Does the Bible Sanction Rahab’s Lying?

Wayne Jackson
Some charge that the Bible is inconsistent since it condemns lying, yet appears to endorse Rahab’s involvement in this very sin. How is this supposed discrepancy to be explained?

Many are confused regarding the story of Rahab who, although she lied when she hid Israel’s spies, was described as being “justified” (James 2:25; cf. Hebrews 11:31). How does one harmonize this with biblical ethics?

The narrative regarding the Canaanite, whose name was Rahab, in no way sanctions lying. There are several factors that must be taken into account in examining the Old Testament record.

First, one would not even know of this event were it not for the fact that it is revealed in the biblical documents. This is a clue as to the candidness and integrity of the sacred account. Scripture makes no effort to conceal the episode.

Second, Rahab’s lie is never condoned anywhere in the Bible text. The New Testament writers certainly do not claim that she was “justified” by her misrepresentation of the facts regarding the Hebrew spies.

Third, lying is uniformly condemned throughout the Bible (see Leviticus 19:11; Proverbs 6:16-19; Ephesians 4:25; Revelation 21:8). The fact is, apart from divine revelation it cannot be proved that lying is wrong. Atheists certainly do not, and cannot (consistent with their philosophy) condemn lying as an evil that is universally wrong.

The case of Rahab is an example of God honoring a person due to her obedient faith — in spite of a personal character flaw. Reflect upon the following facts in connection with this incident.

Rahab was a Canaanite, an ancient body of pagans that inhabited Palestine at the time Israel entered the land in the 15th century before Christ. They were a grossly wicked people, steeped in idolatry and immorality. They even sacrificed their children on occasion as offerings to their gods. By profession, Rahab was a “harlot,” and the scriptures make no attempt to hide that unsavory lifestyle. Without question, this woman needed considerable refinement.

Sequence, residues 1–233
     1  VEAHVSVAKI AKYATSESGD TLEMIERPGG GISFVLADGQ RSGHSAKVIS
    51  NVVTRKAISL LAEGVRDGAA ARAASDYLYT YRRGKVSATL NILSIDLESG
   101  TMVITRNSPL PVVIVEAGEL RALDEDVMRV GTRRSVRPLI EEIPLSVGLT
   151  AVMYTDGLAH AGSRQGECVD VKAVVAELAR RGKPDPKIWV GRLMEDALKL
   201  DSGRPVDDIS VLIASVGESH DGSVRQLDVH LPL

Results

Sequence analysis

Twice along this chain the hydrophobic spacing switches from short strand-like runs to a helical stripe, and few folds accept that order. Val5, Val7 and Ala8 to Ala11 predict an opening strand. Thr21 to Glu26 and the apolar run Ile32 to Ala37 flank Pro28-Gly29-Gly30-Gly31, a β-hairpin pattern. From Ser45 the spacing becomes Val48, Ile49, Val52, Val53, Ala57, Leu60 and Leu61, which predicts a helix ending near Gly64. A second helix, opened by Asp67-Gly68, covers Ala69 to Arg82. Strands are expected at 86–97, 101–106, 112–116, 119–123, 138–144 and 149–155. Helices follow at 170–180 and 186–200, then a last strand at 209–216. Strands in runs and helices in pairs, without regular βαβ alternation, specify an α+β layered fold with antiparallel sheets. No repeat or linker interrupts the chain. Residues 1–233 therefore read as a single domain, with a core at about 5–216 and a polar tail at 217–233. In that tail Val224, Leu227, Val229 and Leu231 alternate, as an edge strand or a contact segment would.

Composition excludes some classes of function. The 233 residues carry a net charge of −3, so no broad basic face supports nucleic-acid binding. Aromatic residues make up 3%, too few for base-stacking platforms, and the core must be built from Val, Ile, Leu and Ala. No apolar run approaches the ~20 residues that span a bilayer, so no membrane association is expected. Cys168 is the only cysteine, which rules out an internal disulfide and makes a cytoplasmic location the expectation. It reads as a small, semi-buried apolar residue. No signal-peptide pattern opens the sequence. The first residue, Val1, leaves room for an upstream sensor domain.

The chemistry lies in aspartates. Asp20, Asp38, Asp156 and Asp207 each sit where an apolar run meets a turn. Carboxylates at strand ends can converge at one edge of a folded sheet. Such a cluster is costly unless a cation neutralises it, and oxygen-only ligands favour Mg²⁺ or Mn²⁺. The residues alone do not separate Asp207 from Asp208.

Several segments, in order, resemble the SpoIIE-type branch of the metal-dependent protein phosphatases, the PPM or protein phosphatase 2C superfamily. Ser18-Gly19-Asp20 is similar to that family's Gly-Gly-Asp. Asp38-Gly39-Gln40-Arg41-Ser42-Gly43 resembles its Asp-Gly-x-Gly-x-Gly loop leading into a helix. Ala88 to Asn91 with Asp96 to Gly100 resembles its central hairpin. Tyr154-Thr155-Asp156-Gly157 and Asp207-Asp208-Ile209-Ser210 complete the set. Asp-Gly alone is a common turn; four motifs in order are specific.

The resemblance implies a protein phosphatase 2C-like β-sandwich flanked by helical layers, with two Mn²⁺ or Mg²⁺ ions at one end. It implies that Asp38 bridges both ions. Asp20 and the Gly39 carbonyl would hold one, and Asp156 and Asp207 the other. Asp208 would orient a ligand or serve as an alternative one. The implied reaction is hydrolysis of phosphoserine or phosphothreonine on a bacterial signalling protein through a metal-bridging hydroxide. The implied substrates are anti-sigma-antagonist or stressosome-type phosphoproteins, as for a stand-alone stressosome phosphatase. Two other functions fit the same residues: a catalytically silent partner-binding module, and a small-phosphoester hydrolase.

In spite of her sordid background, Rahab had generated in her heart a growing faith in the God of Israel. Read the narrative recorded in Joshua 2:9-11.

... and she said unto the men [the spies], I know that Jehovah has given you the land, and that the fear of you has fallen upon us, and that all the inhabitants of the land melt away before you. For we have heard how Jehovah dried up the water of the Red Sea before you, when you came out of Egypt; and what you did to the two kings of the Amorites, that were beyond the Jordan, Sihon and Og, whom you utterly destroyed. And as soon as we heard it, our hearts melted, neither did there remain any more spirit in any man, because of you: for Jehovah your God, he is God in heaven above, and on earth beneath....

This woman had come to believe in the true God and his power to deliver. She was of a different temperament than her heathen neighbors. Accordingly, when the spies from Israel approached her, she was not “disobedient,” as the others of Jericho who would perish in their pagan corruption. Rather, she, through faith in Jehovah, received the spies in peace (Hebrews 11:31), hid them, and sent them out another way (James 2:25).

It was by these works of faith that she was delivered. Later, she was even incorporated into Christ’s genealogy (Matthew 1:5).

Admittedly she lied in the process of hiding the spies, and that was wrong. But her faith and obedience allowed her to obtain pardon from her blemished history. It is for the former that she is commended; the latter was never sanctioned.